[Absurd Recordings; 2012]

It’s not hard to imagine how an album like On Acid would come out of something like Acid Test. The Absurd Recordings sub-label/side-project is almost cutely self-explanatory. Founder Oliver Bristow gathered a formidable stable of artists led by California-based producer Tin Man and then limited the imprint’s output to the use of the infamous, scene-consuming TB-303 bass synth. Acid Test has since become, in microcosm, to acid house a little like what Autonomic is to drum’n’bass; subverting old cliches by inverting emotional expectations and setting sights on more ambitious and experimental outcomes. After a neat string of releases from producers from all over the map including Tin Man and Donato Dozzy, On Acid is Acid Test’s most accomplished and notable outing, and it arrives at the unlikely hands of German deep house producer, Recondite.

Recondite appeared last year with a suite of singles on Plangent Records, pedaling a subconscious, melancholic Dial-esque brand of deep house. The German’s assured and patient hand is unmistakable on On Acid and with inclusion of the pervasive 303, there’s a gentle and welcome pallet swap, represented perfectly by the hazy, arid landscape depicted on the record’s cover. It’s impossible not to hear Chicago in the 303, and its a striking change from Recondite’s decidedly Germanic aesthetics, but the producer sidesteps the pitfalls and modern stigmas of acid’s defining squelch and manic psychedelia by letting the synth waver and loop in lush tendrils, bathing the album’s complacent, isolated 4/4 throb in a soothing trickle of crimson food coloring.

But as much as “acid” is apart of the package, it feels like a mistake to approach the album confined to that single perspective. Recondite treats On Acid like a fully-fledged debut, and it’s certainly worthy of the promise he’s shown up until now. The record is musical and complex and incredibly listenable. Its pace is leisurely yet sprawling like a primitive dream, servicing the baser, more simplistic parts of the imagination. Recondite lets the forlorn and layered 303 melodies sit low and buttered in the mix, forcing the prickly drum textures to stick out. On opener, “Petrichor”, the bass settles into a thoughtful baritone groove around the unconscious kick before the woody snare pokes up through middle, bringing the whole thing to life. Enough negative space breathes through each track on the record to give minute, insignificant details like a reverberating hi-hat or sighing kick full attention as the 303s steadily mutate.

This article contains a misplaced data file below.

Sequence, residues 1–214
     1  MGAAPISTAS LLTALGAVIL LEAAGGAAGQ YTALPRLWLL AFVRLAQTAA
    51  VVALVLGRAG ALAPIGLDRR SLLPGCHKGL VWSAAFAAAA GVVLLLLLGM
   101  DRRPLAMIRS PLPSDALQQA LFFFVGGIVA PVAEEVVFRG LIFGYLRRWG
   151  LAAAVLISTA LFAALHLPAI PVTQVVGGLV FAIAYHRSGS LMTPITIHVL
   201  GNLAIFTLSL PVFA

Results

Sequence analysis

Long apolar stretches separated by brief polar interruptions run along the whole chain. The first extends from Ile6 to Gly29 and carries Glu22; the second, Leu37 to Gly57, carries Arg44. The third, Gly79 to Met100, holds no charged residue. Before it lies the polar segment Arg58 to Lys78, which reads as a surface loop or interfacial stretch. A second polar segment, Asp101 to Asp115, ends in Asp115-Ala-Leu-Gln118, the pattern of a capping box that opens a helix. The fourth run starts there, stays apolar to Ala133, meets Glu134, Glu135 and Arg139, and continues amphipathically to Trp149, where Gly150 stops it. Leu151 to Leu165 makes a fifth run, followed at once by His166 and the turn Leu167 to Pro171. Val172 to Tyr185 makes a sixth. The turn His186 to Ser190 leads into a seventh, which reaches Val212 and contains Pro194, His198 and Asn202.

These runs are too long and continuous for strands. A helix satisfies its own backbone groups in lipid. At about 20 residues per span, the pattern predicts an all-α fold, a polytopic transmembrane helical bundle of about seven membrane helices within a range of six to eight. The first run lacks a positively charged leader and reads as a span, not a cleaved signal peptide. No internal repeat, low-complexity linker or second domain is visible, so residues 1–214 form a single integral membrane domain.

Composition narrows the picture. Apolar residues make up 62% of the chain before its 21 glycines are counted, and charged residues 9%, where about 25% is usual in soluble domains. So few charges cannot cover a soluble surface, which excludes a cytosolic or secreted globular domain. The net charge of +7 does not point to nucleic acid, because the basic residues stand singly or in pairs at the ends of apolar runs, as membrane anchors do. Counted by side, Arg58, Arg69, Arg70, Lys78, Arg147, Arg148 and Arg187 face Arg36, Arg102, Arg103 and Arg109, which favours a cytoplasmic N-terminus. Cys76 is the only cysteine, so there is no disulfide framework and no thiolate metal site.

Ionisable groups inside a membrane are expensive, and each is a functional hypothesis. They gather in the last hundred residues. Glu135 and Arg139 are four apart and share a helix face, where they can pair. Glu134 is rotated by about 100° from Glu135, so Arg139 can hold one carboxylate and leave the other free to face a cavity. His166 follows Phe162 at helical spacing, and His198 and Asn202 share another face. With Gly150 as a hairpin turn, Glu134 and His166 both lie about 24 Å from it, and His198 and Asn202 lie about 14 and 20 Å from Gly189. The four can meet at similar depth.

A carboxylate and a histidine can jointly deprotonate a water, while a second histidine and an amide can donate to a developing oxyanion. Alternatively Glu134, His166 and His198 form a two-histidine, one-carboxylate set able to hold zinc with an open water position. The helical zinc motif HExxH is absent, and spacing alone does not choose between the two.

Recondite’s song structures are remarkable as well. On standout,”Felicity”, after the lazy 100 BPM waltz of the first two tracks, Recondite kicks things up to the 120 mark, but the song remains subdued and elusive. The overlapping layers of synth and a beautiful four-chord melody climb with an implicit, driving purpose that ascends to a syncopated, heavy-shouldered zenith before the marble-walled arpeggios overtake the track. “Harbinger” marches out into dub territory, delicious little hotplate staccatos punching through the stereo field.  And “Jaded” is a gentle paranoid fugue, changing direction a couple times over the course of the track, alternating between rhythmic punch and unconfined, nebulous landscaping.

On Acid also comes with a remix of “Petrichor” and “Jaded” by Tin Man and (of all people) Scuba respectively. Tin Man, for his part, turns the opener into a romantic, dubby collage, the energy level climbing up a couple rungs. Scuba, on the other hand, transforms “Jaded” into a meaty, motorik honest-to-god acid house workout. Both enforce their own personal outlooks onto the tracks, but the constant bubbling of the 303 keep things from diverging too drastically from Recondite’s re-appropriated acid foundations. Most of the record sounds less like Recondite trying to make an acid house record, or trying to compromise his own instincts with acid tendencies, and more like he’s gracefully incorporating 303 into his own sensibilities. He lets the instrument operate at a slow simmer, letting it out the back door to wonder and explore instead of forecefully pushing it anywhere. It’s an “experiment” that pays off handsomely.